‘Solnal’ is the Korean word for Lunar New Year. This event might not be as noticed or important in the west, but this is one of the two most celebrated national holidays in Korea (the other one is called ‘Chuseok’, which is Korean Thanksgiving Day). In this blog, I’ll explain how Koreans usually celebrate Solnal and how Covid-19 is affecting us this year. I hope this will be useful for students who want to get some insights into Korean culture.
Solnal is the first day of the lunar calendar. The lunar calendar is a calendar that is based on the monthly cycles of the moon’s phases and is in contrast with the solar calendar that most westerners are familiar with. Due to globalization, the solar calendar has been more popularized among most Koreans nowadays, but there are still some elders that use the lunar calendar. Regardless, traditional events such as Solnal and Chuseok are celebrated based on the lunar calendar.
The whole family usually gathers together to catch up with one another and pay respects to their ancestors over this 3-day festival. The traditional way of celebrating Solnal is by performing ancestral rites, eating traditional foods, and playing folk games. This of course takes a lot of preparation, and people get especially busy during Solnal. Most shops will be closed and streets become quiet, however, the roads will have heavy traffic as most of the people return to their hometowns. My advice for tourists is to minimize travelling during this period since it takes two to four times normal travel time.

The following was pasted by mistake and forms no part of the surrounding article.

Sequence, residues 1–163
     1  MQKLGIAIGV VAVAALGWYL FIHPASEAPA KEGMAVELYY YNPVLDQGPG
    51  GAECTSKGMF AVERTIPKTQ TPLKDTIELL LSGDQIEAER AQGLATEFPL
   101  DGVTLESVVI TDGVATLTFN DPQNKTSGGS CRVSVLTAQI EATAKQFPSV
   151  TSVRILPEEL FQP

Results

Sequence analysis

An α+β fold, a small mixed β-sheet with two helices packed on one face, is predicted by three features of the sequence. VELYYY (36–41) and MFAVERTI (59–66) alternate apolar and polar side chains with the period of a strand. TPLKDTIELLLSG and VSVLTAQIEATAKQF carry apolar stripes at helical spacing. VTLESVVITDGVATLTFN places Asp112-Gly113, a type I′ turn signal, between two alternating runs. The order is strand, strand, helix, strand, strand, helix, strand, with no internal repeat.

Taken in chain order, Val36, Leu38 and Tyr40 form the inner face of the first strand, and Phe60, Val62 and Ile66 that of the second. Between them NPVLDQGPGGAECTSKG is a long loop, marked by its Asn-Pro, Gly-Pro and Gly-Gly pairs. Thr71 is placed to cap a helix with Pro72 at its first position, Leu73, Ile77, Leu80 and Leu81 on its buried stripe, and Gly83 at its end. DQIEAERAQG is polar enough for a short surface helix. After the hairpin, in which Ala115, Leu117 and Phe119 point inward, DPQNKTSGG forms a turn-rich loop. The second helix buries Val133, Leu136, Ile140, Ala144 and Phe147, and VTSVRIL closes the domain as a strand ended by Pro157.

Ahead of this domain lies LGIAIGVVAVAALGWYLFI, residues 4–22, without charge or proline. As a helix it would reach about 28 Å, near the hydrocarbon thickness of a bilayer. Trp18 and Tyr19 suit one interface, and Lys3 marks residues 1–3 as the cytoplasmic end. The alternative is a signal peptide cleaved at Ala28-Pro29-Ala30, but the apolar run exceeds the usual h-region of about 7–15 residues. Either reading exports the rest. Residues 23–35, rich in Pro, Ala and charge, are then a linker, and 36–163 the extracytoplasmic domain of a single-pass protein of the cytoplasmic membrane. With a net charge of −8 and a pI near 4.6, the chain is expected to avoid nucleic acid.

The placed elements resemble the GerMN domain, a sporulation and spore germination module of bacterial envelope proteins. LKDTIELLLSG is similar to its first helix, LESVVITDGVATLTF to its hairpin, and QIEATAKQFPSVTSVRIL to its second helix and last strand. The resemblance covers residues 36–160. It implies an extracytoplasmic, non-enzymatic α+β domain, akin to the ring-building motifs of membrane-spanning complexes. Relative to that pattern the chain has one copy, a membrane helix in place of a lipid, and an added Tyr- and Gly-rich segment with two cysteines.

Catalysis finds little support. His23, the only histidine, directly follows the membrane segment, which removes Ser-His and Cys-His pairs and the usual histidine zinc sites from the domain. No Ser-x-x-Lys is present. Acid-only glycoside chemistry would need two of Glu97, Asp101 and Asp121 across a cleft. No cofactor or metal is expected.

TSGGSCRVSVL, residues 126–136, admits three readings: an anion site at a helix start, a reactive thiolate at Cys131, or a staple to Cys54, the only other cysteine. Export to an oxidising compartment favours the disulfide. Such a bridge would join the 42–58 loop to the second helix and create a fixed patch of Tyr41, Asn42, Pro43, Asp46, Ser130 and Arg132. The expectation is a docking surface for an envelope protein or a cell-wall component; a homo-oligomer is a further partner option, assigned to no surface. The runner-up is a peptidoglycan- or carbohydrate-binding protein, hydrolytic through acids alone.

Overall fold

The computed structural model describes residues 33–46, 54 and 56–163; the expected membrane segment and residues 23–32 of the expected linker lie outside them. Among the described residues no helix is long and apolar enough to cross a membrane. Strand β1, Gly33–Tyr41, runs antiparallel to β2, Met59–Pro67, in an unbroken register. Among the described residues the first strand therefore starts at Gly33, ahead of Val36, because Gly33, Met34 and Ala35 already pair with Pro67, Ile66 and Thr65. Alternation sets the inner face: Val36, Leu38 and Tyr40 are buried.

Traditionally, Koreans will gather in their ‘Seolbim’ (a special set of Hanbok-Korean traditional clothing- for Solnal) to do “Jesa” (ancestral rites) in the morning. This is done as an expression to pay respect and gratitude to their ancestors. After Jesa, families will eat the ritual food, with the main dish being “Tteokguk”. Tteokguk is a soup with sliced rice cakes and some other ingredients. People eat this soup because the white rice cakes in Tteokguk symbolise starting a new year with a clear mind and body. Then, children will do “Sebae”, which is a deep bow to show respect to the elders of the family. The elders give out money to the children, called “Sebae-don”, in response.
Readers from non-Asian backgrounds might find this way of celebrating unique from their cultures. Unfortunately, it seems like the way of celebrating the new year will not differ between countries this year because of the current pandemic. The Korean government has banned gathering in a group of 5 or more people for the last few weeks and this will continue during Solnal. Complying with the rules, without meeting in person, I could only celebrate with my family with on phone calls. Things are surely depressing with the virus, but we all know that the best solution is to minimise personal contact and that makes us have not much choice but to bear with it. I hope things get better next year so that families can once again gather without masks and concerns.